Hi! I’m Ava Robinson.

I'm a software engineer with experience developing, designing, and researching novel products including augmented reality and mobile experiences. I'm passionate about creating products to improve people’s lives.

Most recently, I was a Research Engineer at Snap Inc. on the Human-Computer Interaction Research Team. My work focused on building prototypes and launching experimental technologies that enable people to connect and collaborate in new ways.

In 2021, I graduated Magna Cum Laude from Northwestern University with a B.S. in Computer Science as well as a Design Certificate and Integrated Marketing Communications Certificate.

Offline, I’m a yogi, dancer, and bubblegum enthusiast.

Currently looking for full-time opportunities and would love to connect!


Beyond Screens: IoT + AR

Integrating IoT devices with mobile AR for immersive experiences.

Project IRL: AR for Co-location

Developing and launching a suite of AR experiences for co-located interactions.

Knowledge Maps

An interface to help users build a knowledge map of grid CSS techniques.

Delta Lab

Detecting student perceptions of programming from interaction log data.

Human-Centered ML

Predicting the risk for depression via Tweets via an interactive system.

Exploring Veganism

Visualizing and explaining the benefits of a vegan diet.

Internal Tracking GUI

Supporting the analysis of CureMetrix's mammogram analysis algorithm.

Google Scholar Profile

Academic Publications

Project IRL: Playful Co-Located Interactions with Mobile Augmented Reality (CSCW '22)

Dagan, E., Cárdenas Gasca, A. M., Robinson, A., Noriega, A., Tham, Y. J., Vaish, R., & Monroy-Hernández, A. (2022). Project IRL: Playful Co-Located Interactions with Mobile Augmented Reality. Proceedings of the ACM on Human-Computer Interaction, 6(CSCW1), 1-27.

We present Project IRL (In Real Life), a suite of five mobile apps we created to explore novel ways of supporting in-person social interactions with augmented reality. In recent years, the tone of public discourse surrounding digital technology has become increasingly critical, and technology's influence on the way people relate to each other has been blamed for making people feel "alone together," diverting their attention from truly engaging with one another when they interact in person. Motivated by this challenge, we focus on an under-explored design space: playful co-located interactions. We evaluated the apps through a deployment study that involved interviews and participant observations with 101 people. We synthesized the results into a series of design guidelines that focus on four themes: (1) device arrangement (e.g., are people sharing one phone, or does each person have their own?), (2) enablers (e.g., should the activity focus on an object, body part, or pet?), (3) affordances of modifying reality (i.e., features of the technology that enhance its potential to encourage various aspects of social interaction), and (4) co-located play (i.e., using technology to make in-person play engaging and inviting). We conclude by presenting our design guidelines for future work on embodied social AR.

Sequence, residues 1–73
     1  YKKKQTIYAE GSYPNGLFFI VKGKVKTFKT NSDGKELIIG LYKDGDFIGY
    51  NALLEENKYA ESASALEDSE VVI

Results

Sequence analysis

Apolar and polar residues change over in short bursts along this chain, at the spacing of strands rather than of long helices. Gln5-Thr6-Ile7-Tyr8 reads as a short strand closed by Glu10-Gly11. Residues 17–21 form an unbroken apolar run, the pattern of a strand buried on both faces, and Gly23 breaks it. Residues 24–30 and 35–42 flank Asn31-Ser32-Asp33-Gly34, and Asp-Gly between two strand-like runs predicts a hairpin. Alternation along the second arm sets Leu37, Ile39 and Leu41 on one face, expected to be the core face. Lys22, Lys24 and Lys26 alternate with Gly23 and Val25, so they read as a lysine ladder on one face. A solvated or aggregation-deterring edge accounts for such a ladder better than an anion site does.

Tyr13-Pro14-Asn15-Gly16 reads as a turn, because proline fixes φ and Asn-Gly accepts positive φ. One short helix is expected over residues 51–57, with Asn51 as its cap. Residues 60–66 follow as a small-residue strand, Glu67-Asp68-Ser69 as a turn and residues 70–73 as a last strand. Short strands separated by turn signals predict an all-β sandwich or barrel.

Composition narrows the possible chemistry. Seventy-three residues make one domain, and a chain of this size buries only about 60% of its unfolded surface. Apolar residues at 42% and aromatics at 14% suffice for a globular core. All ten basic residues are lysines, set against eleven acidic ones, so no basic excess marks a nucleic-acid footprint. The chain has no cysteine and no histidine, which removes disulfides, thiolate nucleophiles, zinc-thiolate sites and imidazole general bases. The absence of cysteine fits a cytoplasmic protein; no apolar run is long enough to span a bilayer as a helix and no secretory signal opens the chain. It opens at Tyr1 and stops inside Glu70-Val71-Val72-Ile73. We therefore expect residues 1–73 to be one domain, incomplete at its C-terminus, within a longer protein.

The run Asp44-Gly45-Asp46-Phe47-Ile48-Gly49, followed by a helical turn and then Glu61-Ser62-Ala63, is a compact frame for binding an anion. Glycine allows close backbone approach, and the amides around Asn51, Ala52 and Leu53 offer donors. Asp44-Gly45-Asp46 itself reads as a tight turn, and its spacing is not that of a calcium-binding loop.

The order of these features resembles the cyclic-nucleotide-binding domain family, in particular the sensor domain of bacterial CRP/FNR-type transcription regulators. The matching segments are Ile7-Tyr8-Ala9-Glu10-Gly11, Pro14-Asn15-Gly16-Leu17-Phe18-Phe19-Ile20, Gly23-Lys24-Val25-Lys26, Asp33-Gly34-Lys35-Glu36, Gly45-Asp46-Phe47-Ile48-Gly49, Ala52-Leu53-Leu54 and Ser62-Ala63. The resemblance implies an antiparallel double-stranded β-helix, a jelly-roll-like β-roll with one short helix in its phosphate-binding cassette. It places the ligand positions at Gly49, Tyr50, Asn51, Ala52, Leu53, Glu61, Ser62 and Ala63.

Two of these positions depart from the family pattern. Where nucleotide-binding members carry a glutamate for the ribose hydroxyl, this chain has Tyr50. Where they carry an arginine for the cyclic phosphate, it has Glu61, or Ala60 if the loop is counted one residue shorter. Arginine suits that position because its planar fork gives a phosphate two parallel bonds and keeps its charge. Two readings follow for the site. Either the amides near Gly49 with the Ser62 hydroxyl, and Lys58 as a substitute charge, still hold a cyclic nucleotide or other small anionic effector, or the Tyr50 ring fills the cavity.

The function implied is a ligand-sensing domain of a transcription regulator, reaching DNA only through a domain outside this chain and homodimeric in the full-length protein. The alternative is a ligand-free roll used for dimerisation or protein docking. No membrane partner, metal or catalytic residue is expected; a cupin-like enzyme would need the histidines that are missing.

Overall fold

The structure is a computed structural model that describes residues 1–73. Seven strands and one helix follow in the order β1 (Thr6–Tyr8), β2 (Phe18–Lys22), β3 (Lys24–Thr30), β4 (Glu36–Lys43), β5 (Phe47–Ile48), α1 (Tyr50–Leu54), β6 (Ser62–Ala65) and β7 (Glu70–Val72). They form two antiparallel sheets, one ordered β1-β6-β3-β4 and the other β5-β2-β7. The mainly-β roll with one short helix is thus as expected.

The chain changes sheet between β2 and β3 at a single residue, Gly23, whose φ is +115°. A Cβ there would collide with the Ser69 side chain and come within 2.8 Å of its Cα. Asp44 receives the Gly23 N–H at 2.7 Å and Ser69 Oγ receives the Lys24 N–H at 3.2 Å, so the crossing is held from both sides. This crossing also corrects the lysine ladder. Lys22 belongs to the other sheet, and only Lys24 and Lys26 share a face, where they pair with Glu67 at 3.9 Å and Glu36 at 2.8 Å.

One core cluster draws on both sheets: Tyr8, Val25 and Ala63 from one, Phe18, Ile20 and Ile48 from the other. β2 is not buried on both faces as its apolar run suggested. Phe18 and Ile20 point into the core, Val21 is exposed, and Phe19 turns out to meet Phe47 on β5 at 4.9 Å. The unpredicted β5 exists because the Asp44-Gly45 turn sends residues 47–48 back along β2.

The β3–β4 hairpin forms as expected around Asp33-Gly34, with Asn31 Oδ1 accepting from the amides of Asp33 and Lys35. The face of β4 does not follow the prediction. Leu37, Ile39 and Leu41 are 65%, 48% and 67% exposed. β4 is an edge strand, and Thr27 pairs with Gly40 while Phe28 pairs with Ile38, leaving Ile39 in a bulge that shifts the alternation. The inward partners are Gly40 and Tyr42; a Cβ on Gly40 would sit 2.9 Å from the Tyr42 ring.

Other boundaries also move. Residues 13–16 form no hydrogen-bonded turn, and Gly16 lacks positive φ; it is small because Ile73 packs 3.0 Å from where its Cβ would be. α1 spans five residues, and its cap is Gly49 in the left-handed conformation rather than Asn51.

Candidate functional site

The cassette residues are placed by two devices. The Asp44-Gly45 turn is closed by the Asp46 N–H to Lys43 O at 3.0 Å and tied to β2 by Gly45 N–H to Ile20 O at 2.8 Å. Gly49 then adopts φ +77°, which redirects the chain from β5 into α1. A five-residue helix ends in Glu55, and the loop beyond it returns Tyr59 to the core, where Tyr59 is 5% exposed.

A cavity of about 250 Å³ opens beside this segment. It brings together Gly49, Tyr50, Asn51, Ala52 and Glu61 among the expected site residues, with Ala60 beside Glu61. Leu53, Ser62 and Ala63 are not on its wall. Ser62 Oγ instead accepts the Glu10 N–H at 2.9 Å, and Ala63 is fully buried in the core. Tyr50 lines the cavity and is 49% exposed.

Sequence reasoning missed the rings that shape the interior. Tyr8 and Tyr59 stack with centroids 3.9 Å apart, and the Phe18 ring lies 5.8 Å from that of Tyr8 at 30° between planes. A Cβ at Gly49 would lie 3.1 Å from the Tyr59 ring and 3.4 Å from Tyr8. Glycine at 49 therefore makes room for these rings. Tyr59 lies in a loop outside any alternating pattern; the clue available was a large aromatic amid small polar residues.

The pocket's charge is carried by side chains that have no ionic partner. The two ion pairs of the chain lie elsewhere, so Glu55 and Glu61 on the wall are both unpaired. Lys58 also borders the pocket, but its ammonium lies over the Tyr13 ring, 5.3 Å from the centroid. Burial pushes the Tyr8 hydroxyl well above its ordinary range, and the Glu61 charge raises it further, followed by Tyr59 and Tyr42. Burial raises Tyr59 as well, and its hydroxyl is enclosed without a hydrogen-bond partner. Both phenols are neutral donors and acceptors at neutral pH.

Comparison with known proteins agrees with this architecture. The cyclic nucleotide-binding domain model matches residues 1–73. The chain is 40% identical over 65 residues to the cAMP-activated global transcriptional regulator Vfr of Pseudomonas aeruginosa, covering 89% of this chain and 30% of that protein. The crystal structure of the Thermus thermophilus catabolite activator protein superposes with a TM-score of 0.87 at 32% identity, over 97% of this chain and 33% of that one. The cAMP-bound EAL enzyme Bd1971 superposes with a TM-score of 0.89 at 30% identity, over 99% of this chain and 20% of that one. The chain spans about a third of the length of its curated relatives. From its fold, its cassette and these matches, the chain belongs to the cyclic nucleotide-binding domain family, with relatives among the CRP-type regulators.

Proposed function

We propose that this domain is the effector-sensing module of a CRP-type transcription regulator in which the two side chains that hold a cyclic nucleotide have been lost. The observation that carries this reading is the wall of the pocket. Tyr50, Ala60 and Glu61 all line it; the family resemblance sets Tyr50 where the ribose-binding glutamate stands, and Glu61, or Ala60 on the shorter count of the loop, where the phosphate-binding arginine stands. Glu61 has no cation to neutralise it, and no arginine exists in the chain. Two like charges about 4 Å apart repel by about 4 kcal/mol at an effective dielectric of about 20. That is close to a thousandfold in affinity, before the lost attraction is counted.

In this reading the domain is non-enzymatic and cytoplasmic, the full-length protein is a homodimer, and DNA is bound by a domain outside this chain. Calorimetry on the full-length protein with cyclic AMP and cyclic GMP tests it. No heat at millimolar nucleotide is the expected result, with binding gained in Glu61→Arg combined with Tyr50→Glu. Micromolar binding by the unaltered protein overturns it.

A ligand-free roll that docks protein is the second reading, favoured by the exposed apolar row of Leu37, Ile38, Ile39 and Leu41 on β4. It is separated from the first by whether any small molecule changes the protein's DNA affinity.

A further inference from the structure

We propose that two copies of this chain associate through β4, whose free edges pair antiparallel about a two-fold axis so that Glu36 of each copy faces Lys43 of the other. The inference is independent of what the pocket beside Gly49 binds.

Read more
An approach for detecting student perceptions of the programming experience from interaction log data. (AIED‘21)

Gorson, J., LaGrassa, N., Hu, C. H., Lee, E., Robinson, A. M., & O’Rourke, E. (2021, June). An approach for detecting student perceptions of the programming experience from interaction log data. International Conference on Artificial Intelligence in Education (pp. 150-164). Springer, Cham.

Student perceptions of programming can impact their experiences in introductory computer science (CS) courses. For example, some students negatively assess their own ability in response to moments that are natural parts of expert practice , such as using online resources or getting syntax errors. Systems that automatically detect these moments from interaction log data could help us study these moments and intervene when the occur. However, while researchers have analyzed programming log data, few systems detect pre-defined moments, particularly those based on student perceptions. We contribute a new approach and system for detecting programming moments that students perceive as important from interaction log data. We conducted retrospective interviews with 41 CS students in which they identified moments that can prompt negative self-assessments. Then we created a qualitative codebook of the behavioral patterns indicative of each moment, and used this knowledge to build an expert system. We evaluated our system with log data collected from an additional 33 CS students. Our results are promising, with F1 scores ranging from 66% to 98%. We believe that this approach can be applied in many domains to understand and detect student perceptions of learning experiences.
Read more

Patents Granted

Multi-user AR experience with offline synchronization.
Monroy-Hernández, A., Robinson, A., Tham, Y. J., & Vaish, R. (2022). U.S. Patent No. 11,383,156. Washington, DC: U.S. Patent and Trademark Office.
Colocated shared augmented reality without shared backend. June 14, 2022. Patent Number: 11360733.
Gasca, A. M. C., Peled, E. D., Monroy-Hernández, A., Robinson, A., Tham, Y. J., & Vaish, R. (2022). U.S. Patent No. 11,360,733. Washington, DC: U.S. Patent and Trademark Office.
View my resume here.